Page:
## TIL #085 – negative zero -0.0

Today I learned that Python and other programming languages have negative zero, -0.0.

# Negative zero -0.0

If you open your Python REPL and type -0 in, you get 0 back:

>>> 0
0
>>> -0
0

That makes sense. After all, the integer -0 is the same as the integer 0...

However, 0.0 and -0.0 are also equal but they are displayed differently in your Python REPL:

>>> -0.0
-0.0
>>> 0.0
0.0

As it turns out, because of the way floats work in computers, 0.0 and -0.0 are two different entities. Obviously, they compare as equal:

>>> 0.0 == -0.0
True

But they are different entities. And sometimes, having -0.0 and 0.0 as two distinct things can be helpful.

For example, you can think of -0.0 as a very small negative number that you just couldn't represent as a float. In fact, the code below shows a couple of divisions that should all result in negative numbers, until suddenly we're dealing with such small numbers, that we get -0.0:

x = -1
for _ in range(20):
x /= pow(10, 20)
print(x)

"""
-1e-20
-1e-40
-1e-60
-1e-80
-1e-100
-1e-120
-1e-140
-1e-160
-1e-180
-1e-200
-1e-220
-1e-240
-1e-260
-1e-280
-1e-300
-1e-320
-0.0
-0.0
-0.0
-0.0
"""

In contrast to this, if x starts out as a positive number and you keep dividing it further, you end up at 0.0:

x = 1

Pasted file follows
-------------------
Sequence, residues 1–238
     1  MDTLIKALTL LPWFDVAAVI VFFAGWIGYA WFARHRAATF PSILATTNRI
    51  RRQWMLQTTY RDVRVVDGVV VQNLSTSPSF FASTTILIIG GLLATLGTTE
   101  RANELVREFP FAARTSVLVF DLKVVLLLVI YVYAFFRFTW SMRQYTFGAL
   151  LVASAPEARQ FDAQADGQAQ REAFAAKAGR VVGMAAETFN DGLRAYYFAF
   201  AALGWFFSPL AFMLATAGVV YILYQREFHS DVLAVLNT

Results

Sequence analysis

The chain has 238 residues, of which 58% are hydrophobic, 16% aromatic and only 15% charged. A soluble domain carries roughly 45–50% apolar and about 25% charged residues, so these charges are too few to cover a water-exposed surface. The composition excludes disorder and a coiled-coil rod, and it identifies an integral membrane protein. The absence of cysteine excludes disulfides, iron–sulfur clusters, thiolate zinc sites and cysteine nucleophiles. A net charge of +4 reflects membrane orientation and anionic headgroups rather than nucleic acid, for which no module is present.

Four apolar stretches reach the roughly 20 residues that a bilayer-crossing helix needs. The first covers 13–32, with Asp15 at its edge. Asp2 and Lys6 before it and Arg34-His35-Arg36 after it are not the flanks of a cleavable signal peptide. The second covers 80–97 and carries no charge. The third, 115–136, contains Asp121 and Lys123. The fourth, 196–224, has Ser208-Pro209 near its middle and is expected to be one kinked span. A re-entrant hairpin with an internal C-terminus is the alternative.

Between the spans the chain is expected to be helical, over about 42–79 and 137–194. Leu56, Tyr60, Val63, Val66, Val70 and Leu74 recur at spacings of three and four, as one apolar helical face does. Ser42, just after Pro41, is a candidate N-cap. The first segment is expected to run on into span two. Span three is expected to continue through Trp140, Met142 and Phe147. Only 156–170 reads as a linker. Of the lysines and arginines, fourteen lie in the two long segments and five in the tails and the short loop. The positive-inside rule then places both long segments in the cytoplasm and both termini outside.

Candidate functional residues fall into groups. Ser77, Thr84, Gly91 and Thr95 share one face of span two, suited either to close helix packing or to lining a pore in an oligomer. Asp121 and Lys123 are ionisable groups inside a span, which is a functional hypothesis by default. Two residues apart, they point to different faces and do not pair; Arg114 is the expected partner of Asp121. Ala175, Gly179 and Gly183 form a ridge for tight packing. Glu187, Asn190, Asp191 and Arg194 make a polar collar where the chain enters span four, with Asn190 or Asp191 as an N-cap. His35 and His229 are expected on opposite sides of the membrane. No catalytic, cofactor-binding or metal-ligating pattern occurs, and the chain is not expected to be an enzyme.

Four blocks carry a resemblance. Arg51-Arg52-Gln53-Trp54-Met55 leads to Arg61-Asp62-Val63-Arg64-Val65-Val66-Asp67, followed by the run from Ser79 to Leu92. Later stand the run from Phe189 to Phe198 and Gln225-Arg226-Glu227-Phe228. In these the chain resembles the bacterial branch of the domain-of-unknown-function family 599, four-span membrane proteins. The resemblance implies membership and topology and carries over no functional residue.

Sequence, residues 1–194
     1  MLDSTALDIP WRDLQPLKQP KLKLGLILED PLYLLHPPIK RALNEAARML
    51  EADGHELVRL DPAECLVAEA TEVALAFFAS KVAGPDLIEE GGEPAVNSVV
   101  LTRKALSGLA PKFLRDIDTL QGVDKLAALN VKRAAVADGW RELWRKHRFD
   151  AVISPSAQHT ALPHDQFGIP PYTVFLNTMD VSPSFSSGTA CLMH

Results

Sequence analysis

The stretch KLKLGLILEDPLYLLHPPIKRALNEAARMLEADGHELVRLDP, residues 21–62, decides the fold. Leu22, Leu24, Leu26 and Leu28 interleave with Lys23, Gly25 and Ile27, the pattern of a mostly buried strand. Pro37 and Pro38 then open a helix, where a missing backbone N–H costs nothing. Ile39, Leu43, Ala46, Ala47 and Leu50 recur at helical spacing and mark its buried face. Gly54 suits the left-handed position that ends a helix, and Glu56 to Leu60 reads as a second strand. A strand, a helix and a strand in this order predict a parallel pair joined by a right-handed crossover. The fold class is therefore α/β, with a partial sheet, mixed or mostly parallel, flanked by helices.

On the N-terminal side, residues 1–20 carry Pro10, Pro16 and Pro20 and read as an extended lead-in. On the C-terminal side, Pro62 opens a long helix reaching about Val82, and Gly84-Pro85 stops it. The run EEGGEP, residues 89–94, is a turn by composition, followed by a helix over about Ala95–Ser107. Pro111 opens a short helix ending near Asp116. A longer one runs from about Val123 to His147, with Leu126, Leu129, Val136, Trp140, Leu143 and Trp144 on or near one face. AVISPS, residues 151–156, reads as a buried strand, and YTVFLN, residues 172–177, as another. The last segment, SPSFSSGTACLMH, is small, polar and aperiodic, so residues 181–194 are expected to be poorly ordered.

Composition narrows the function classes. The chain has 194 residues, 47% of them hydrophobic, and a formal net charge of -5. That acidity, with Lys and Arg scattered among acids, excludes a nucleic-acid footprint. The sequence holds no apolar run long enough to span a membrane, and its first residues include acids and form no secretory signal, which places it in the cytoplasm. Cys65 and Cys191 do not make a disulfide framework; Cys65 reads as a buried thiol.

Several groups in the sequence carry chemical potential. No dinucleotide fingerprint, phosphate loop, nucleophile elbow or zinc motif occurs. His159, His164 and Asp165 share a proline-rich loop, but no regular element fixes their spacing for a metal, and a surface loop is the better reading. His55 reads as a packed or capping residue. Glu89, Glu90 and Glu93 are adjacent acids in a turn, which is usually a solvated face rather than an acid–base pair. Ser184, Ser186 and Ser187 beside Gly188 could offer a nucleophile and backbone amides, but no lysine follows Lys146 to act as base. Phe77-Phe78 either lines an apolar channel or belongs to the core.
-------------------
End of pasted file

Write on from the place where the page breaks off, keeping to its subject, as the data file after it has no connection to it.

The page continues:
for _ in range(20):
x /= pow(10, 20)
print(x)

"""
# ...
1e-260
1e-280
1e-300
1e-320
0.0
0.0
0.0
0.0
"""

## Use cases for negative zero

Someone on Twitter mentioned that they've seen this used in a chemistry paper. The appearance of a -0.0 indicated that a very small number was rounded to 0 from a negative number, but in that particular context (of the chemistry paper), that indicated that a specific chemical process had occurred.

Someone else reported using negative zero -0.0 to represent the value None in a list that could only contain floats. So, if for some reason you have a list that is typed as list[float] and you want to be able to represent the value None, you could use -0.0.

If you know of another practical use case for negative zero, comment below and I'll add it to this article!

## Distinguish 0.0 from -0.0

Because 0.0 == -0.0, one way I could think of to distinguish negative zero from “regular” zero is by converting it to a string and comparing the signs of the number.

The function is_negative_zero below computes this:

def is_negative_zero(number):
return str(number) == "-0.0"

print(is_negative_zero(0.0))   # False
print(is_negative_zero(-0.0))  # True

Then, Adam Johnson on Twitter reminded me of the function math.copysign, which copies the sign of the second argument into the first:

>>> from math import copysign

>>> copysign(10, 1)
10.0
>>> copysign(10, -1)
-10.0
>>> copysign(10, -1234134.1235143)
-10.0

>>> copysign(10, 0)
10.0
>>> copysign(10, -0.0)
-10.0

So you can also use it to identify negative zero:

from math import copysign

def is_negative_zero(number):
return number == 0 and copysign(1, number) == -1

If you come up with a different way to identify negative zero, comment below and I'll add it here!

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